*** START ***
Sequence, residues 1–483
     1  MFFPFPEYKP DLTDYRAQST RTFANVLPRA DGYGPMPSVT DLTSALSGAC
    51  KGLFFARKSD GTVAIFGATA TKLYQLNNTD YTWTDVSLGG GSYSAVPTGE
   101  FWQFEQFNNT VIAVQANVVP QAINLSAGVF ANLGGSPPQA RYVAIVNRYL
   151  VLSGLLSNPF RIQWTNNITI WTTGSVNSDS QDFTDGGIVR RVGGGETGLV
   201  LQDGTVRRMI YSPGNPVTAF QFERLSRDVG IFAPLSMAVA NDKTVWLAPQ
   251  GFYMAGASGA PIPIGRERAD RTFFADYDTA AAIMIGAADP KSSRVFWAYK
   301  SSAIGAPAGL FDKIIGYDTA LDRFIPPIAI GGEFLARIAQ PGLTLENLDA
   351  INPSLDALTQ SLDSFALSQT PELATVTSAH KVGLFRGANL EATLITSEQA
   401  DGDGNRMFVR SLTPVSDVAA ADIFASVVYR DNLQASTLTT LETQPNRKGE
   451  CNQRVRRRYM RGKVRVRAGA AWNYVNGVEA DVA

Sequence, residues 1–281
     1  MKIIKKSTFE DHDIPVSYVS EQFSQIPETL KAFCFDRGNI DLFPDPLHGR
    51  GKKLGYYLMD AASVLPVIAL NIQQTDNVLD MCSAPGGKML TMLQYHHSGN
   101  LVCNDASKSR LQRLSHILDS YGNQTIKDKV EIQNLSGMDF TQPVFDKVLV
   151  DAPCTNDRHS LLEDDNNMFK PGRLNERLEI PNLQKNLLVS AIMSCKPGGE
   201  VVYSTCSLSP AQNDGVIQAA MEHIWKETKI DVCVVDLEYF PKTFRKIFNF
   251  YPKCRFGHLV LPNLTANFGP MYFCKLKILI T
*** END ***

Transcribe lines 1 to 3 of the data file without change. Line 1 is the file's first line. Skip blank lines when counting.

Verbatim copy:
Sequence, residues 1–483
     1  MFFPFPEYKP DLTDYRAQST RTFANVLPRA DGYGPMPSVT DLTSALSGAC
    51  KGLFFARKSD GTVAIFGATA TKLYQLNNTD YTWTDVSLGG GSYSAVPTGE